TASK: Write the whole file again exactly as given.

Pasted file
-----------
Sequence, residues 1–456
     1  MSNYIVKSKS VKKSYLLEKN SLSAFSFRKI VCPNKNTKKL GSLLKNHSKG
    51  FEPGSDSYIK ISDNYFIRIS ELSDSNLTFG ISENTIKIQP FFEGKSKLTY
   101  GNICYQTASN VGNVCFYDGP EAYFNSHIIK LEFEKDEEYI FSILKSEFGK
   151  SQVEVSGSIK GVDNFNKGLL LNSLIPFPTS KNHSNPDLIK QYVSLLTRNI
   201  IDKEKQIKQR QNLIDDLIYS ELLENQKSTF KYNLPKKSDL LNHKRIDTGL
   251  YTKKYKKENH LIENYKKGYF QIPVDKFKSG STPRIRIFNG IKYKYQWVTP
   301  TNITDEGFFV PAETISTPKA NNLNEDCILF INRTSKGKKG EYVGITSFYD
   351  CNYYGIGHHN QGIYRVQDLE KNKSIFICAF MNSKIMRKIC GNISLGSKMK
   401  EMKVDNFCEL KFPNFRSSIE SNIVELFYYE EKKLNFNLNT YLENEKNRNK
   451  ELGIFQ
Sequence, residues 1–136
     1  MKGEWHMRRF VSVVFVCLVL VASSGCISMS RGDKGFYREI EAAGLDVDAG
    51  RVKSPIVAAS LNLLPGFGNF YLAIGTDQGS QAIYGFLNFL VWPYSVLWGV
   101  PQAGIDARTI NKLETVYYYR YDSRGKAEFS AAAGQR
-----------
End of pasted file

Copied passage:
Sequence, residues 1–456
     1  MSNYIVKSKS VKKSYLLEKN SLSAFSFRKI VCPNKNTKKL GSLLKNHSKG
    51  FEPGSDSYIK ISDNYFIRIS ELSDSNLTFG ISENTIKIQP FFEGKSKLTY
   101  GNICYQTASN VGNVCFYDGP EAYFNSHIIK LEFEKDEEYI FSILKSEFGK
   151  SQVEVSGSIK GVDNFNKGLL LNSLIPFPTS KNHSNPDLIK QYVSLLTRNI
   201  IDKEKQIKQR QNLIDDLIYS ELLENQKSTF KYNLPKKSDL LNHKRIDTGL
   251  YTKKYKKENH LIENYKKGYF QIPVDKFKSG STPRIRIFNG IKYKYQWVTP
   301  TNITDEGFFV PAETISTPKA NNLNEDCILF INRTSKGKKG EYVGITSFYD
   351  CNYYGIGHHN QGIYRVQDLE KNKSIFICAF MNSKIMRKIC GNISLGSKMK
   401  EMKVDNFCEL KFPNFRSSIE SNIVELFYYE EKKLNFNLNT YLENEKNRNK
   451  ELGIFQ
Sequence, residues 1–136
     1  MKGEWHMRRF VSVVFVCLVL VASSGCISMS RGDKGFYREI EAAGLDVDAG
    51  RVKSPIVAAS LNLLPGFGNF YLAIGTDQGS QAIYGFLNFL VWPYSVLWGV
   101  PQAGIDARTI NKLETVYYYR YDSRGKAEFS AAAGQR